Sugar tax: Sweet – or a bitter pill?

Stewart Jackson MP's Westminster Life column in the Peterborough Telegraph -
Stewart Jackson MP's Westminster Life column in the Peterborough Telegraph -
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I actually don’t instinctively recoil from such a plan and genuinely have an open mind on the issue. As I have said many times before, I am a social Conservative before being a laissez faire “free for all” liberal and I believe that it’s perfectly respectable and sometimes right to levy taxes to bring about a social good or curb bad behaviour. That’s why I backed a smoking ban in cars with children.

In Peterborough, a report published last year found that 24% of our school children were overweight or obese at age 5 and a staggering one in three of ten and eleven year olds were overweight or obese. Given that we have never had so much health and nutritional information available to the average person and consumer, that is surely a shocking indictment of these kids’ parents?

There is no doubt too that obesity has the potential to disable the workings of the National Health Service in the next ten years or so, as the impact of over indulgence of sugar works its way through the system in the form of heart disease, stroke and in particular, diabetes.

So would a sugar tax have any impact and would it be worth the effort? Would it save the NHS billions in the long run and would sugar become as socially unacceptable as, say, tobacco is now?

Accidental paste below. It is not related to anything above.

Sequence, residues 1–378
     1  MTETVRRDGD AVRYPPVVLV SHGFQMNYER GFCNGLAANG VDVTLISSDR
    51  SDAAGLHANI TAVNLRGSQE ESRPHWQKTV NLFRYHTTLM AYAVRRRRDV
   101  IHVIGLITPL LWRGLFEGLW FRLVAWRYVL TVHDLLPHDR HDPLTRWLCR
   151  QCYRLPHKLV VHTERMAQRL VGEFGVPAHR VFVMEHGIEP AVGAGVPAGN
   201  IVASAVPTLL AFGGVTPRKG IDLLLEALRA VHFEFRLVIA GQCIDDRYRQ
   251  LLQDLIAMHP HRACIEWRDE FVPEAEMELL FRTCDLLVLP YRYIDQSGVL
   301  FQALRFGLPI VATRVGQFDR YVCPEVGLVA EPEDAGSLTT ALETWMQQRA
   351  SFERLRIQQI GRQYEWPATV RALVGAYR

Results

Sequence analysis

A sugar tax and cutting buy-one-get-one-free deals are part of a recent report by Public Health England’s with “key actions” to tackle people’s addiction to sugar. Their long-awaited report says the nation is “eating too much sugar” leading to health problems and obesity. The report also called for less marketing aimed at children in-store, on TV and online.

The report reducing sugar intake could save the NHS £500m a year.

It suggests a sugar tax between 10% and 20%, significantly reducing advertising high sugar food and drink to children and targeting supermarkets and take-away special offers and it also criticised price promotions that distort people’s shopping baskets – strikingly, 40% of money spent on food and drink was on products on offer.

Public Health England called for a “rebalancing” of promotions with a shift away from cakes and biscuits towards healthier foods. And it concluded 6% of total sugar consumption could be prevented if promotions on higher sugar products were banned.

The food industry is predictably up in arms and for the time being, a sugar tax seems unlikely - but the issue isn’t going away.

What do you think?